Judith Jarvis Thomson facts for kids
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Judith Jarvis Thomson
Judith Jarvis Thomson in 2005
October 4, 1929
New York City, U.S.
|Died||November 20, 2020
Cambridge, Massachusetts, U.S.
|Alma mater||Barnard College (BA)
Cambridge University (BA, MA)
Columbia University (PhD)
(m. 1962; div. 1980)
|Doctoral students||Kathrin Koslicki|
|The trolley problem, ethics concerning ...|
Judith Jarvis Thomson (October 4, 1929 – November 20, 2020) was an American philosopher who studied and worked on ethics and metaphysics. Her work ranges across a variety of fields, but she is most known for her work regarding the thought experiment titled the trolley problem and her writings on .... She is credited with naming, developing, and initiating the extensive literature on the trolley problem first posed by Philippa Foot which has found a wide range use since. Thomson also published a paper titled "A Defense of ...", which makes the argument that the procedure is morally permissible even if it is assumed that a fetus is a person with a right to life. She was elected a member of the American Philosophical Society in 2019.
Early life and education
Thomson was born in New York City, on October 4, 1929. Her mother Helen (Vostrey) Jarvis was an English teacher and her father Theodore Jarvis was an accountant. Thomson's mother died when she was six and Theodore Jarvis remarried two years later. His second wife was Jewish and had two children.
Thomson’s parents placed no religious pressure on her, but she officially converted to Judaism at age fourteen, when she was confirmed at Temple Israel in Manhattan.
Thomson graduated from Hunter College High School in January 1946. She received her bachelor's degree (BA) from Barnard College in 1950, a second BA at Newnham College, Cambridge in 1952, an MA from Cambridge in 1956, and a PhD from Columbia University in 1959. All of her degrees were in philosophy.
In 1960, Thomson began teaching at Barnard College. In 1962, she married James Thomson, who was a visiting professor at Columbia University. Judith and James spent the 1962–1963 academic year at Oxford, after which they moved to Boston. Judith taught for a year at Boston University and, in 1964, was appointed to the faculty at the Massachusetts Institute of Technology (MIT) where she was Laurence S. Rockefeller Professor of Philosophy. James was also appointed a professor of philosophy at MIT. The Thomsons divorced in 1980; they remained colleagues until James's death in 1984.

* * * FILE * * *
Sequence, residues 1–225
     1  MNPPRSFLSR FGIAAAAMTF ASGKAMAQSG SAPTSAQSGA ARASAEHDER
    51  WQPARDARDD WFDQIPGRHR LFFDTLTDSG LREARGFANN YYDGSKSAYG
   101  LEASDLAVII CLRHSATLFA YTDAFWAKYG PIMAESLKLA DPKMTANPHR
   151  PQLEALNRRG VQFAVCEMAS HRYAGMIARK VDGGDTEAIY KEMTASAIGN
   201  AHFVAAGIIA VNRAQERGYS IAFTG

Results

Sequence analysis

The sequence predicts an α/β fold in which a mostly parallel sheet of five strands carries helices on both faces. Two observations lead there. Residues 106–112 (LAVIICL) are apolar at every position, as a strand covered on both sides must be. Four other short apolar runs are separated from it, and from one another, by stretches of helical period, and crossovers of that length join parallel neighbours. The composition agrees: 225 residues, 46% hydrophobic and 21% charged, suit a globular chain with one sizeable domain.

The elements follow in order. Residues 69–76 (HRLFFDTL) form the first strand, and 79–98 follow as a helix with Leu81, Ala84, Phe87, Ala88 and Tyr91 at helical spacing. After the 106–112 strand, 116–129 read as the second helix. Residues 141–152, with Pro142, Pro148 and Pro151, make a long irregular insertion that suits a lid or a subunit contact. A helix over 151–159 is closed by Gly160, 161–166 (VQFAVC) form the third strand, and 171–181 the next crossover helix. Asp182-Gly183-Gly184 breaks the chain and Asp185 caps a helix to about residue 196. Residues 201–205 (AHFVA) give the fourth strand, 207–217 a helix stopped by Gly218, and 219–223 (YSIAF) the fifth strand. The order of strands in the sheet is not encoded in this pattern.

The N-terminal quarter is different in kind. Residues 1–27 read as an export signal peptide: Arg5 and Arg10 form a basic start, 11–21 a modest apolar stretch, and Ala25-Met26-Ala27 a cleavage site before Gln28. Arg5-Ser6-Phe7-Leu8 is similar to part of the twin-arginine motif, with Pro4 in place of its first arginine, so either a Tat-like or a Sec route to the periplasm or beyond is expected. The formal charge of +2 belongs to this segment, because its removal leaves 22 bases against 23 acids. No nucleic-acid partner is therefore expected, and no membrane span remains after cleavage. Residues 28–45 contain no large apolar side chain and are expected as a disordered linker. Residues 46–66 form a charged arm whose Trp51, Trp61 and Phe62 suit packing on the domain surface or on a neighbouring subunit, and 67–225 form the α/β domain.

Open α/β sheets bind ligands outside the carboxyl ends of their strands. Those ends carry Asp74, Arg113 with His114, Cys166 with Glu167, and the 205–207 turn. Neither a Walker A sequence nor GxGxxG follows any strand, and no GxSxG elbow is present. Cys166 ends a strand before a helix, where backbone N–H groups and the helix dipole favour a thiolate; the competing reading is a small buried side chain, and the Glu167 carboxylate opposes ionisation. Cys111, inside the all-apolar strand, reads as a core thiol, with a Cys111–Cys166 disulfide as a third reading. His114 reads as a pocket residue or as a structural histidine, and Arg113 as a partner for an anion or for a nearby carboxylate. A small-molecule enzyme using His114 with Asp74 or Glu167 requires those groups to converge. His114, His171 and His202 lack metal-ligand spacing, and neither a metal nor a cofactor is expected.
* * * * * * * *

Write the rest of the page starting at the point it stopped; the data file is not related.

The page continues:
Thomson was a visiting professor at the University of Pittsburgh (1976), UC Berkeley School of Law (1983), and Yale Law School (1982, 1984, 1985). She has held fellowships from the Fulbright Foundation (1950–1951), the American Association of University Women (1962–1963), the National Endowment for the Humanities (1978–1979, 1986–1987), the Guggenheim Foundation (1986–1987), and the Center for Advanced Study in Oslo, Norway (1996). In 1989, Thomson was elected to the American Academy of Arts and Sciences, and in 1992–1993 she served as president of the American Philosophical Association (APA), Eastern Division. In 1999, she gave the Tanner Lectures on Human Values at Princeton University; her lecture was titled "Goodness and Advice". Thomson taught at MIT for the majority of her career, remaining there as professor emerita.
In 2012, Thomson was awarded the Quinn Prize by the American Philosophical Association.
In 2015, she was awarded an honorary doctorate by the University of Cambridge, and in 2016 she was awarded an honorary doctorate by Harvard University. In 2016, she was elected a Corresponding Fellow of the British Academy.
Thomson died on November 20, 2020, at the age of 91. She was buried beside her former husband in Mount Auburn Cemetery.
Thomson's main areas of research were moral philosophy and metaphysics. In moral philosophy she made significant contributions to meta-ethics, normative ethics, and applied ethics.
"A Defense of ..." (1971) introduced one thought experiment for which Thomson is especially well known. ..... The paper asks the reader to imagine that her circulatory system has, without her consent, been connected to that of a famous violinist whose life she must sustain for nine months. The hypothetical posed by Thomson notably redirects philosophical attention from the rights of the fetus to those of the pregnant woman. Specifically, her argument accepts that a fetus is a person, moving past any discussion which revolved around that topic. Instead, Thomson claims that the bodily autonomy of the woman supersedes any rights of the fetus. .....
In regards to ethical theories, Thomson was opposed to consequentialist, hedonist, and subjectivist perspectives. Her work relied on specific elements of deontological argumentation.
In metaphysics, Thomson focused on questions regarding the relationship between actions and events, and between time and physical parts.
She also made significant contributions on the topic of privacy.
- Fact and Value: Essays on Ethics and Metaphysics for Judith Jarvis Thomson
- American philosophy
- The fat man version of the trolley problem
- Violinist (thought experiment)
- List of American philosophers
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